- Research article
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Considerations when offering mental health first aid to a person with an intellectual disability: a Delphi study
BMC Psychology volume 9, Article number: 28 (2021)
People with an intellectual disability experience higher rates of mental health problems, but experience significant barriers to receiving professional help. Increasing the knowledge and skills of those who support them can help to reduce some of these barriers. This study aimed to develop guidelines for offering mental health first aid to a person with an intellectual disability.
Using the Delphi research method, a systematic search of websites, books and journal articles was conducted to develop a survey containing items about the knowledge, skills and actions needed for assisting a person with an intellectual disability who is experiencing mental health problems. These items were rated over three survey rounds by an expert panel according to whether they should be included in the guidelines.
Fifty-three experts completed all three survey rounds (67% retention rate). A total of 202 items were rated over the three rounds to yield 170 endorsed items that were incorporated into the guidelines. The developed guidelines emphasise the need to recognise the unique signs of mental health problems in people with an intellectual disability, and provide appropriate support, communication and respect for people with an intellectual disability. The guidelines will also build the capacity of carers to address behaviours of concern, socially limiting behaviours or seeking professional help when the need arises. The guidelines will be used to develop a mental health first aid course.
The guidelines and the resultant mental health first aid course will be a helpful resource with the potential to address some of the barriers to mental health help-seeking that people with an intellectual disability experience.
Intellectual disability describes a range of neurodevelopmental disorders that impair intellectual and adaptive functioning with onset during childhood . People with an intellectual disability experience higher rates of mental health problems compared to the general population, including higher rates of risk factors for suicide [2, 3]. Australian researchers have found that while disability workers note suicidal behaviour amongst their clients with intellectual disability, few disability services utilise suicide risk assessment tools .
Despite a higher prevalence of mental health problems, people with an intellectual disability seek professional help at lower rates than the general public, and even fewer people receive mental health support from services that are specifically for people with an intellectual disability [6, 7]. A number of barriers to accessing mental health services have been identified, including lack of availability of professionals with necessary training and diagnostic overshadowing (symptoms being attributed to the disability rather than to the mental health problem) . Furthermore, symptoms may manifest differently than in people without an intellectual disability [10, 11].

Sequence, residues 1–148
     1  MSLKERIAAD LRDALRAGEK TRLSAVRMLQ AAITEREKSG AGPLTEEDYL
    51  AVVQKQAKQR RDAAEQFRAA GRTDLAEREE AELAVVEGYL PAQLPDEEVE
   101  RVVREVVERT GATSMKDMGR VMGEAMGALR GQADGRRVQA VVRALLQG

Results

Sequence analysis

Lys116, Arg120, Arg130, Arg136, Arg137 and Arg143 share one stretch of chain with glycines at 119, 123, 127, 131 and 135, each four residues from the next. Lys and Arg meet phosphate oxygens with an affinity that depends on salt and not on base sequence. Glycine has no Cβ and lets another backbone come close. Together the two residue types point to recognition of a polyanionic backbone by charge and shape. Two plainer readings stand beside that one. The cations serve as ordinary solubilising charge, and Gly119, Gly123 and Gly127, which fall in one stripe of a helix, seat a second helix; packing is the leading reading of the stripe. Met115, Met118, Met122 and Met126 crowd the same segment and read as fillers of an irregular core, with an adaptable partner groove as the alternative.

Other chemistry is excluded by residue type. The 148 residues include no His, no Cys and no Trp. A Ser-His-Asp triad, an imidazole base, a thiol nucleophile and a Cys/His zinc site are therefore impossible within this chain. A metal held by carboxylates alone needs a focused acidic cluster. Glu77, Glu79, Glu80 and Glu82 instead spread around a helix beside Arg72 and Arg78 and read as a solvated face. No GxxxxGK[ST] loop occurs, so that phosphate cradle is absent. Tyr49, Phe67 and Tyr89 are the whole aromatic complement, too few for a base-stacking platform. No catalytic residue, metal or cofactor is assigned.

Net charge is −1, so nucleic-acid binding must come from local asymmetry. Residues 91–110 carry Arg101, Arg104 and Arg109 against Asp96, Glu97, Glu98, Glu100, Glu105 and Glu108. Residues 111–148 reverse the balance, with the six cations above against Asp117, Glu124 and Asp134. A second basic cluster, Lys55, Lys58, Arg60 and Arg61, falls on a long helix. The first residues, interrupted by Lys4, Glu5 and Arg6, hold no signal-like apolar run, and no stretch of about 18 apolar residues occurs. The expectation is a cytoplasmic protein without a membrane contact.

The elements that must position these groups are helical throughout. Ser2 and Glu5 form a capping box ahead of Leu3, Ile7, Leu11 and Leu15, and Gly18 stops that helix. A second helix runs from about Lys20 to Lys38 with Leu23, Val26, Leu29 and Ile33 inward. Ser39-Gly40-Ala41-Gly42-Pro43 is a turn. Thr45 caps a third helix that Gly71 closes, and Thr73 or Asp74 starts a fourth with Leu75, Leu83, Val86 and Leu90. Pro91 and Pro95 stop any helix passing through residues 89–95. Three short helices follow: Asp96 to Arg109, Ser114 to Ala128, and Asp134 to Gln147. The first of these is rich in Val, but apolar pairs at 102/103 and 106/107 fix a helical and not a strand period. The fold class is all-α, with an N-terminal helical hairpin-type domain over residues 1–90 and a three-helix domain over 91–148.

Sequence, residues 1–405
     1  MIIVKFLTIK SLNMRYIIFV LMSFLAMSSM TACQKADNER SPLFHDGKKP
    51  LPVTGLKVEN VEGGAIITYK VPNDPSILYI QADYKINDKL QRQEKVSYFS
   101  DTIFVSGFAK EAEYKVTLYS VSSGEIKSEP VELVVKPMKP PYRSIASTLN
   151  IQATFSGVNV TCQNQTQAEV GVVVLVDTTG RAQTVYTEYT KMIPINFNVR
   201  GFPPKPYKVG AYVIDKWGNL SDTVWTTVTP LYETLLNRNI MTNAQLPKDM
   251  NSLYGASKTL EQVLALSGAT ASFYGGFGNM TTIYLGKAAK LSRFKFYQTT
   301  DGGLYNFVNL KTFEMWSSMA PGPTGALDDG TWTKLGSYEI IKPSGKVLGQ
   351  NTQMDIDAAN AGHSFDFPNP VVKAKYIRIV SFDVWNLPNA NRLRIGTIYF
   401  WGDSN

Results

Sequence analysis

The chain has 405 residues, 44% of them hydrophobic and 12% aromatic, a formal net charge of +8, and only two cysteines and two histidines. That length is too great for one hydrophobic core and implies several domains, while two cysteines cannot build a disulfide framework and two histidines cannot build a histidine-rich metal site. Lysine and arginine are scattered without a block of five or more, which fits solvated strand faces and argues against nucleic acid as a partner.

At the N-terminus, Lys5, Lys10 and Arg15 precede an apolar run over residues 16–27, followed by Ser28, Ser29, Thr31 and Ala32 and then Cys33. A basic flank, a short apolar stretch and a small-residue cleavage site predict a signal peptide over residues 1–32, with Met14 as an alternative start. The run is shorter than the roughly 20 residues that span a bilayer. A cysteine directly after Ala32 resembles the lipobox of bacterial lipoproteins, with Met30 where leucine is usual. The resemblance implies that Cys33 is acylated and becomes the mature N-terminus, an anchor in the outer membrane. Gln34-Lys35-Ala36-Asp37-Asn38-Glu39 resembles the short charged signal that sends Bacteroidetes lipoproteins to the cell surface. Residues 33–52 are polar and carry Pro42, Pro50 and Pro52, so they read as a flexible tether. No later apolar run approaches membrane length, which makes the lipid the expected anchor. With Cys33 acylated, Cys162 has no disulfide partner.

For these reasons, it is important that people who work or live with people with an intellectual disability know how to recognise symptoms of mental health problems (to avoid diagnostic overshadowing and misattributing signs of mental health problems), have the skills to provide appropriate support, and encourage mental health help-seeking. These are the keys skills when providing mental health first aid. Mental health first aid is defined as the help offered to a person developing a mental health problem, experiencing a worsening of an existing mental health problem or in a mental health crisis . The first aid is given until appropriate professional help is received or until the crisis resolves.
Mental Health First Aid (MHFA) Australia has developed training courses that teach mental health first aid skills to the public. People who receive MHFA training have increased mental health knowledge, fewer stigmatising attitudes and show increased supportive behaviours toward individuals with mental health problems [13, 14]. MHFA courses are informed using a series of mental health first aid guidelines developed using the Delphi expert consensus method .
The aim of this study was to develop guidelines for how a family member, friend, concerned community member or disability worker without specialist mental health qualifications should give initial assistance (mental health first aid) to a person with an intellectual disability who may be experiencing mental health problems or in a mental health crisis. The guidelines will be used to inform a Mental Health First Aid for Intellectual Disability course.
The Delphi expert consensus method was used to develop the guidelines . This particular Delphi methodology has been used to develop a number of similar mental health first aid guidelines . It involved five steps: (1) Literature search (2) Survey development (3) Recruitment of expert panels (4) Data collection and analysis and (5) Guidelines development. The methodology is briefly described below and a more detailed description of the Delphi methodology can be found in the article by Bond and colleagues .
A systematic search of grey and academic literature was conducted (including websites, books and academic articles) to collect information about how to offer assistance to someone with an intellectual disability who is experiencing a mental health problem or in a mental health crisis. The grey literature was included because it reflects the wide range of people’s beliefs about intervention and care.
The search terms were (how to help someone with mental illness OR depression OR anxiety OR psychosis OR suicidal thoughts OR self-injury OR alcohol abuse OR drug abuse OR bipolar OR traumatic event OR eating disorders AND intellectual disability OR developmental disability OR mental retardation OR learning disability) and (first aid for someone with mental illness OR depression OR anxiety OR psychosis OR suicidal thoughts OR self-injury OR alcohol abuse OR drug abuse OR bipolar OR traumatic event OR Eating disorders AND intellectual disability OR developmental disability OR mental retardation OR learning disability). The top 50 websites, books and journal articles for each search was reviewed (see Fig. 1 for results).